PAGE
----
The wife of President Muhammadu Buhari, Mrs. Aisha Buhari is in the news as expressing her disappointment about the poor state of facilities at the AsoRock Clinic.
The wife of the president expressed her frustration at the total non-availability of basic amenities at the prime health facility set up by the federal government to take care of the health and related well-being of the members of the political class within the presidency and also the staff who work within the confines of the presidency.

The presidential clinic is known to be one of the most heavily funded government's owned health facilities in the country which gets humongous budgetary releases yearly.
The question raised by the wife of the president came within few weeks of the reported castigation of the AsoRock Clinic by the daughter of the president who expressed strong views to depict the clinic as being badly managed.

An interesting factor is that the AsoRock Clinic was set up just like a “father Christmas” avenue whereby free medical services are offered to patients composed of the privileged few who are already earning so much money from the central treasury of Nigeria. 

The AsoRock's Health center is said to provide medical services to the president, vice president, and their families, members of staff of the state House and other entitled public servants.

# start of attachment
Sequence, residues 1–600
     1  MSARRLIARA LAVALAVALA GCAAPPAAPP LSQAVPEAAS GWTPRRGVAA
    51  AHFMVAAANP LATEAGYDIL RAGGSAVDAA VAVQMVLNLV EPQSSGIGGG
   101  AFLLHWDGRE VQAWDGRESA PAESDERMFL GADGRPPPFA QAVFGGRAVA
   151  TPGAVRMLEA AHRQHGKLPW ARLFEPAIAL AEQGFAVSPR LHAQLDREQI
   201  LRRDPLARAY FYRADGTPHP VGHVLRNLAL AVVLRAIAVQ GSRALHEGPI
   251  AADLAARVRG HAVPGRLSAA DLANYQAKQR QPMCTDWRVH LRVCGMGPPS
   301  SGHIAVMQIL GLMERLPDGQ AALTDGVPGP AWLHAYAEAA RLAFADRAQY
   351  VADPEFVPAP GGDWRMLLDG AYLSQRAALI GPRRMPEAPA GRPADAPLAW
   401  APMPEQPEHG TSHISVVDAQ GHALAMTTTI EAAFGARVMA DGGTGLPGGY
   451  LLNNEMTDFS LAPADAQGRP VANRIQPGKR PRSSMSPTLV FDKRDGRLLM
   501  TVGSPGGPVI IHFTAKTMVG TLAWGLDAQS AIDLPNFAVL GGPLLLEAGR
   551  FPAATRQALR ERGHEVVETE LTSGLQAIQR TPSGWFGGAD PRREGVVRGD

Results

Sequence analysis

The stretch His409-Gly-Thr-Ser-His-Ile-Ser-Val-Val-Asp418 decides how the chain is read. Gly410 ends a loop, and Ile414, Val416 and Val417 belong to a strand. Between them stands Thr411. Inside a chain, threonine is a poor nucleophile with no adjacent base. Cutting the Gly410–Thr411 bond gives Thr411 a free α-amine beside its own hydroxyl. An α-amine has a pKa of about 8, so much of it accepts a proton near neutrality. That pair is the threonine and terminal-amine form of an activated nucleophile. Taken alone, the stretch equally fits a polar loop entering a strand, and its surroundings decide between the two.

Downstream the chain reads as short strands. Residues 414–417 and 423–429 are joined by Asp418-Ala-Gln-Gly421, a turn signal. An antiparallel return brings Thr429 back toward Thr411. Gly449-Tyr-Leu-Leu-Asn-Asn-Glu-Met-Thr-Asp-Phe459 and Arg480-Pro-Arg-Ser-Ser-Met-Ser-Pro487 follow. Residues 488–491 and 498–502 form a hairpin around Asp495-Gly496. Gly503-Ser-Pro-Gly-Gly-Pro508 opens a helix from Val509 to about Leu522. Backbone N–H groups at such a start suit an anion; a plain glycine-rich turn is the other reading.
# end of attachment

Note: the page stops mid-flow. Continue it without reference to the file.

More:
But even as the AsoRock Clinic offers free medical services to these aforementioned beneficiaries, the question to ask is why are there no checks and balances in the management of such a prime facility? 

What are the steps put in place to ensure transparency and accountability? 
What steps are being implemented to ensure that drugs and other essential equipment meant for that clinic are not diverted?

These sets of interrogatories are critical because of the loose practice amongst Nigerians whereby there is the tendency by many to abuse any opportunity of benevolence because it is generally believed that with humongous crude oil money flowing into government coffers, whatever goodies anybody can grab from government must be done with reckless abandon.
In framing the above questions, one is aware of the unreasonableness of providing free healthcare services to top government officials particularly when such persons do still enjoy generous allowances. 

Again, if the family members of the state House can have unfettered access to AsoRock Clinic, what kind of family members do we mean given that in Africa the extended family system is deeply rooted in our culture?

It is possible that occupants of top political offices operating within the Presidency will open the floodgates of free Medicare to their kiths and kins in the name of being family members. African and Nigeria's notion of big man sometimes means that those who occupy privileged positions behave like persons who are above the law. Indeed, even the militarily hand-picked writers of the extant constitution inserted a crude provision under section 308(1) which gives blanket immunity from prosecution for about 78 executive office holders such as the President, his VP; the governors and their deputies.